The decline in testing referrals for certain diseases during the coronavirus pandemic was greatest for foodborne and waterborne infections, according to an analysis in Norway.

The project compares the number of referrals for diagnostic testing of selected notifiable pathogens and the proportion that tested positive during six months of the COVID-19 pandemic — March to September 2020 — with normal laboratory work before it started, defined as October 2019 to February 2020.

Results showed COVID-19 related control measures led to a reduced risk of infection and fewer consultations for suspected cases but there were also signs of a reduced performance in the monitoring of diseases.

Since April 2020, the Norwegian Institute of Public Health (FHI) has been looking at the impact of COVID-19 on the Norwegian Surveillance System for Communicable Diseases (MSIS). There was a 50 percent to 60 percent reduction in reports of other communicable diseases between March and September 2020, compared to the corresponding period of 2019.

The amount of referrals from primary healthcare such as general practitioners and outpatient clinics was reduced after March 2020 for all pathogens. The largest decline was for Cryptosporidium spp., down 44 percent, followed by Salmonella spp. with 41 percent and Campylobacter spp. with 40 percent. The highest reduction in hospital referrals was seen for Campylobacter, which was down 44 percent, and Salmonella with a 46 percent decline.

A previous study, published in the Journal of the Norwegian Medical Association, found a decline in other notifiable infectious diseases during the coronavirus pandemic.

Reduced referrals but more positives
The FHI asked 22 microbiological labs in Norway to send information on referrals for diagnostic testing of 11 pathogens that represent the most frequently diagnosed infectious diseases in the country. Eleven labs submitted data and nine pathogens were included in the report.

Trends for Campylobacter, Cryptosporidium, Staphylococcus aureus (MRSA) and Rotavirus show conflicting data with a sharp reduction in the number of lab analyzes requested during COVID-19 but an increasing proportion testing positive.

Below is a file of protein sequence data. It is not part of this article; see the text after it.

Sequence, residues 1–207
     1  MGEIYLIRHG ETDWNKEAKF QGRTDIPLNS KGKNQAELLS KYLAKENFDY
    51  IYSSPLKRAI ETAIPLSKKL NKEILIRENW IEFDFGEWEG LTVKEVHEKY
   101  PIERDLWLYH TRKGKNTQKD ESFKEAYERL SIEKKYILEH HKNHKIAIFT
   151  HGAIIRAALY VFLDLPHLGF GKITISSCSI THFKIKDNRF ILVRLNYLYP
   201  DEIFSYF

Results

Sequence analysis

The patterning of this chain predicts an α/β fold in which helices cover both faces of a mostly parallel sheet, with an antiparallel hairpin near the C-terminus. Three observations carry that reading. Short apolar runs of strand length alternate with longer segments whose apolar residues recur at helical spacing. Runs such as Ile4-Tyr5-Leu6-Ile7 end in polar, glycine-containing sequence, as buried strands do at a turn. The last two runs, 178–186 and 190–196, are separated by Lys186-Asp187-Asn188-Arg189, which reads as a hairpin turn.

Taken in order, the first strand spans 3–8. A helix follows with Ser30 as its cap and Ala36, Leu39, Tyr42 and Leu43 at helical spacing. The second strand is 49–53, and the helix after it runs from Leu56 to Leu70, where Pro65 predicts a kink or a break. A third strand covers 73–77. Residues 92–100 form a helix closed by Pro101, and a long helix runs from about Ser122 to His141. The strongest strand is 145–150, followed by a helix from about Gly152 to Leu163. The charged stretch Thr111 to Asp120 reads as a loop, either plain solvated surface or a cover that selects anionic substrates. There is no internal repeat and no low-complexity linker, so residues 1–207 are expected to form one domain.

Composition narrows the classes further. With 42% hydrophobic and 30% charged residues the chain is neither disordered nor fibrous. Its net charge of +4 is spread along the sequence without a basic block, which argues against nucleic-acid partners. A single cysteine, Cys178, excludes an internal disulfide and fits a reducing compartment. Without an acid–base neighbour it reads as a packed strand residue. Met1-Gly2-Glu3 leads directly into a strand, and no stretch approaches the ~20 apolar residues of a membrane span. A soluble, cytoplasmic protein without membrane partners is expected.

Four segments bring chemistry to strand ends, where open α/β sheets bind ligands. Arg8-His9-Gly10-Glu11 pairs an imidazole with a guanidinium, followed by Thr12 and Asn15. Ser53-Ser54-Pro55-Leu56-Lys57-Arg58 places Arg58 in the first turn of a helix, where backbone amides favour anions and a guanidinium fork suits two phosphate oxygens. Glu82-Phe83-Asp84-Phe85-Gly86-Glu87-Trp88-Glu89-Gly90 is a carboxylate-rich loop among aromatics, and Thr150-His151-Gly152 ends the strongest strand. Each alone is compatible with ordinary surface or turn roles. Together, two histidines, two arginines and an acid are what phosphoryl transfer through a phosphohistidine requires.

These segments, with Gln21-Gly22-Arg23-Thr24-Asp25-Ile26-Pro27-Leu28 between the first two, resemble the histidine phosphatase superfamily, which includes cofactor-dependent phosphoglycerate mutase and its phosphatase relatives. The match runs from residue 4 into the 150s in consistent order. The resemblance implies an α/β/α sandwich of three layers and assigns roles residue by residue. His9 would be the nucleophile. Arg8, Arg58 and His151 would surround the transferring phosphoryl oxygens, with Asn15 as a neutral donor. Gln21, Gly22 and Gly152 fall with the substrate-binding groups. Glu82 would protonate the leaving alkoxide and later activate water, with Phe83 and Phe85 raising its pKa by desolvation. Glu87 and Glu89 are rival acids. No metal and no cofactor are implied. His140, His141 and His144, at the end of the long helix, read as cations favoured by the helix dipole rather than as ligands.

The number of referrals for campylobacteriosis decreased at the start of COVID-19 in March to May, but increased in the summer months. The proportion of positive tests went up from 3 percent in May to 16 percent in July 2020.

For cryptosporidium, in March to May, 40 to 50 percent fewer tests were referred. In June to September, test activity increased, but was still about 20 percent below the level before COVID-19. The share of positives increased 10-fold from January to August which could be due to seasonal variation in exposure to the parasite.

A reduction in testing referrals and increase in the proportion of positive tests may indicate reduced surveillance sensitivity which could affect interpretation of disease risk or the identification of an outbreak. It may signal a change in health-seeking behaviors, availability of healthcare or limited lab resources, which could lead to referral for testing of suspect cases with more serious symptoms, according to the report.

Impact on Salmonella
For Salmonella, a decline in the number of testing referrals and proportion that tested positive can be seen. Decreasing trends in both these areas could indicate a reduced risk of salmonellosis due to effective control measures that lead to a decline in suspected cases who consulted physicians and were referred for testing.

The number of requested analyzes of Salmonella was reduced in the beginning of the COVID-19 epidemic in March 2020. In June, the number increased but was at a lower level than normal.

Most Salmonella infections reported to MSIS are from people infected abroad. A reduction in foreign travel after March 2020 can explain the drop in the number of tests and proportion of positive cases of salmonellosis, according to the report.

Reference laboratory activity followed the trends of diagnostic lab referrals for Salmonella with a decrease in submissions in March to April 2020. Those for Campylobacter increased during June to September 2020.

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